Pope Francis said Monday that he will visit Philadelphia in September 2015, his first trip to the United States since being elected pontiff.
Francis is due to attend the "World Meeting of Families" in Philadelphia, an event held every three years in different cities, where prelates are expected to discuss family issues. Francis will also hold a Mass, likely on the Benjamin Franklin Parkway, which could draw up to a million people.
Last week, more than 10,000 Philadelphia Catholic schoolchildren wrote to Francis asking him to visit. Philadelphia Mayor Michael Nutter said on Monday the event would be the largest in the city's modern history.
Describing Francis' visit, Philadelphia Archbishop Charles Chaput said, "His charisma, presence and voice will electrify the gathering."
The website of the Philadelphia event said the Argentinian pope would visit the city from Sept. 25-27.
The pope has said President
He will be the second pope to visit Philadelphia after John Paul II's visit in 1979. The last papal visit to the United State was made by Pope Benedict XVI in 2008.
Francis made the widely expected announcement of his trip at a Vatican conference on family values at which he delivered a robust defense of the heterosexual family unit.
"The family is the foundation of co-existence and a remedy against social fragmentation," he said. "Children have a right to grow up in a family with a father and a mother capable of creating a suitable environment for the child's development and emotional maturity."
The family, added Francis, "is an anthropological fact," adding, "We cannot qualify it based on ideological notions or concepts important only at one time in history."
The pope's comments followed a synod in October at which bishops split over the welcome the Catholic Church should give to gay and unmarried couples.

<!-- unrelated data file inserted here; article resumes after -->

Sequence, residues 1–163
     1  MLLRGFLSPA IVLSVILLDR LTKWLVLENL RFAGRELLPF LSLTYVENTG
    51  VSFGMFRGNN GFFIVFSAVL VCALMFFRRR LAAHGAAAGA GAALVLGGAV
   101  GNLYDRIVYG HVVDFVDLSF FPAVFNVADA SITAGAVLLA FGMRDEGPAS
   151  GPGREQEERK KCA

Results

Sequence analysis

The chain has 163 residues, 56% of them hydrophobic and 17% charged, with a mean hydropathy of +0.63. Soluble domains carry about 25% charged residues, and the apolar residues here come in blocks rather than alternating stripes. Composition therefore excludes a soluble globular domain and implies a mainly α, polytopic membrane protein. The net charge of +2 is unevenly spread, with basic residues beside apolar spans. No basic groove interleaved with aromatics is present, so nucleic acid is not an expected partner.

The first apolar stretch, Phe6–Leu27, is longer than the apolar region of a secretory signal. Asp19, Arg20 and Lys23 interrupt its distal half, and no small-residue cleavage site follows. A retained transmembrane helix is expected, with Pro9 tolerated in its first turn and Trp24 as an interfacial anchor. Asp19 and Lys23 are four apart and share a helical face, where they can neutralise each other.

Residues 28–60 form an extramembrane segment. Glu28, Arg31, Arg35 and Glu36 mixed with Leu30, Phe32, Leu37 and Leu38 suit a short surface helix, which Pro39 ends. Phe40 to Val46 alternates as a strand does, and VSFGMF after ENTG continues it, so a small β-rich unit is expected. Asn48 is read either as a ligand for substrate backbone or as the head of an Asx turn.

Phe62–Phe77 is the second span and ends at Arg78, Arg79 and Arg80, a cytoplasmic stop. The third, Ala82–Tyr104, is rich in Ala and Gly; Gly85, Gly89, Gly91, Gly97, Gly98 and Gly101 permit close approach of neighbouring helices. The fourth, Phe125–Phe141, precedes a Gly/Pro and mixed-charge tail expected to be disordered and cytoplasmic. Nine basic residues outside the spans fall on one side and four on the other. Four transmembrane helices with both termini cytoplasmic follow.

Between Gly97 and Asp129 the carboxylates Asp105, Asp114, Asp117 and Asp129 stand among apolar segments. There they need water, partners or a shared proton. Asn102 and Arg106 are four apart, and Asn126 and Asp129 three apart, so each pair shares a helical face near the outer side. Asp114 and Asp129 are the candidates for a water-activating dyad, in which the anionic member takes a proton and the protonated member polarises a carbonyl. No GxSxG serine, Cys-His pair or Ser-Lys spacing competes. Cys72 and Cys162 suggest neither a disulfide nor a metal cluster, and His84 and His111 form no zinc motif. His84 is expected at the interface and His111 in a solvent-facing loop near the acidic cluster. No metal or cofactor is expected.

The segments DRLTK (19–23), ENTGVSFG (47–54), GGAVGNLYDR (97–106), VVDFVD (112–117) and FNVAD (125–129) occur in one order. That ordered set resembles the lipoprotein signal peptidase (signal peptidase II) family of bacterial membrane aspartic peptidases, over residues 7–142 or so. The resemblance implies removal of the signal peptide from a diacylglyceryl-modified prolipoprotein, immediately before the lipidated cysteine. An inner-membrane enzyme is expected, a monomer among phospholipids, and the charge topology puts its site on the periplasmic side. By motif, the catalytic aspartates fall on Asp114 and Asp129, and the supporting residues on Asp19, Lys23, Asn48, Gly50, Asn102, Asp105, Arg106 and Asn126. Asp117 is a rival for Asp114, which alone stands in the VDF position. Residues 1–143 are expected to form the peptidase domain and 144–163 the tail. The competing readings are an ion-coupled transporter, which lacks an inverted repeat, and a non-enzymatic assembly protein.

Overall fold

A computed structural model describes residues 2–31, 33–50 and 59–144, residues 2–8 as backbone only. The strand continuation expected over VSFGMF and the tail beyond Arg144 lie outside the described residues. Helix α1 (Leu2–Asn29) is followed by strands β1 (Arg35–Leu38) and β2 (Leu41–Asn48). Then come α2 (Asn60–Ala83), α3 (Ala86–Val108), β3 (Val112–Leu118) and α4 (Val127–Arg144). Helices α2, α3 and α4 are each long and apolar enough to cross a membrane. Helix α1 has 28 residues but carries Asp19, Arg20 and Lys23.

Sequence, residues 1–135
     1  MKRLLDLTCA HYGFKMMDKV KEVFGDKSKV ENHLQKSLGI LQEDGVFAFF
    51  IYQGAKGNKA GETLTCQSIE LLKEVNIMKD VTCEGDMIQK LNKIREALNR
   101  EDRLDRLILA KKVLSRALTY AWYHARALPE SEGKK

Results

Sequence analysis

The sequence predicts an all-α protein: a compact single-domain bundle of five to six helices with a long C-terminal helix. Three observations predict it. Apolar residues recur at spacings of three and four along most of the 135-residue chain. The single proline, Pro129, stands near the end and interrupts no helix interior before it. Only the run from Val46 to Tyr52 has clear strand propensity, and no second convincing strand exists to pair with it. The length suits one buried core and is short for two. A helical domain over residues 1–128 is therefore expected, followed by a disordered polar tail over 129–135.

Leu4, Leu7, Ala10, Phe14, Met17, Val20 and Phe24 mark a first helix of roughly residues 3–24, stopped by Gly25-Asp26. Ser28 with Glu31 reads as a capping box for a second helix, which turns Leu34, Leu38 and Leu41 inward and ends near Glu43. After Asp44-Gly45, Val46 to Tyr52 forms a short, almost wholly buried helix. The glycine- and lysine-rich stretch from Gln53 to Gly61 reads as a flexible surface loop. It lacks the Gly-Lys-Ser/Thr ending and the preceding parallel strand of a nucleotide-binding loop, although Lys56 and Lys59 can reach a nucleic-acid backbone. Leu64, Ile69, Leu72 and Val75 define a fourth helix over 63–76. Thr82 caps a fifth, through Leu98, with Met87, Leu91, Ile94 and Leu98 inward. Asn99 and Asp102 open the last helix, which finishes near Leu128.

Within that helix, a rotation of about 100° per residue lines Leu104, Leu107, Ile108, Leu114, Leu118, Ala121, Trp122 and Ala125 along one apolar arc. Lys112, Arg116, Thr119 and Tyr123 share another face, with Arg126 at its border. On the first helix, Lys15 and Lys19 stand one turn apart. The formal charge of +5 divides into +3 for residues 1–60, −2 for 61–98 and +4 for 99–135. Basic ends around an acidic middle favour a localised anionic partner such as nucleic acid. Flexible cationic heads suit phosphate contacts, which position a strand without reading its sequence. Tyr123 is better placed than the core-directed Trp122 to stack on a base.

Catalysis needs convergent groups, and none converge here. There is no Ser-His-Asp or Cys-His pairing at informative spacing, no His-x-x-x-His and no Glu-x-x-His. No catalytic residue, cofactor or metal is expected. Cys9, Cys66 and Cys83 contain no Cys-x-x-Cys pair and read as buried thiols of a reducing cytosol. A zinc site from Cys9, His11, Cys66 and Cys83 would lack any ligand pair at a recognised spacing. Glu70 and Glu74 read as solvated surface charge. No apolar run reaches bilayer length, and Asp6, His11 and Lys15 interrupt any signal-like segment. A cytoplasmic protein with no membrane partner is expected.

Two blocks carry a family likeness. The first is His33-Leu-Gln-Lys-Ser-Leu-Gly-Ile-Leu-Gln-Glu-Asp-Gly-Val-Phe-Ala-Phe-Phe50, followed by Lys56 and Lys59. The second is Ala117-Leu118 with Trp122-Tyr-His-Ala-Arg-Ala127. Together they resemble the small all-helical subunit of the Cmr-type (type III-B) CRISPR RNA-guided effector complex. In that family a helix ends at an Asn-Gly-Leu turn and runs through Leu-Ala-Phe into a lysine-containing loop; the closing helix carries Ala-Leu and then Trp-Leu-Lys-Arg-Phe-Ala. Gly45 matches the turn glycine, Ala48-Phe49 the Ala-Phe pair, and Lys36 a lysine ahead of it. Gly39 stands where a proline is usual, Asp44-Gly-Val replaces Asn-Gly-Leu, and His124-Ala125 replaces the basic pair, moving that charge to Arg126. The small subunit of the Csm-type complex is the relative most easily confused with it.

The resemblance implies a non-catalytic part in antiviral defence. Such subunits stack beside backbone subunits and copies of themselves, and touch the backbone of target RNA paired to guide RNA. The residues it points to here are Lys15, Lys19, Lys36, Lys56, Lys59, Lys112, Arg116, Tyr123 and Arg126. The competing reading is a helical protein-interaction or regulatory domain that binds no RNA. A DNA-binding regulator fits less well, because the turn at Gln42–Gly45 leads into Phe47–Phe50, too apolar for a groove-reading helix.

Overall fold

One of the Vatican sponsors of the event on Monday was the Congregation for the Doctrine of the Faith, run by German Cardinal Gerhard Muller, who is one of the Church's most outspoken conservatives.
Francis' speech came two days after he condemned euthanasia and in vitro fertilization, which he called "the scientific production of a child."
The speeches will go some way to placating U.S. bishops startled by Francis' seeming pullback from the church's hard-line approach to hot-button issues such gay marriage, particularly after he said last year, "We cannot insist only on issues related to abortion, gay marriage and the use of contraceptive methods."
On Monday, a senior U.S. cardinal said Francis needed to choose his words carefully, starting with his now-famous statement in answer to a question about homosexuality: "Who am I to judge?"
That phrase "has been very misused … because he was talking about someone who has already asked for mercy and been given absolution, whom he knows well," said Cardinal Francis George, who steps down as archbishop of Chicago on Tuesday.
"That's entirely different than talking to somebody who demands acceptance rather than asking for forgiveness," George told the website Crux.
"Does he not realize the repercussions? Perhaps he doesn't," George said. "The question is why he doesn't clarify" the statements?
Next year's "World Meeting of Families," at which the pope will likely discuss family issues, will come just weeks before a key synod that will pick up on the divisive themes debated in Rome in October.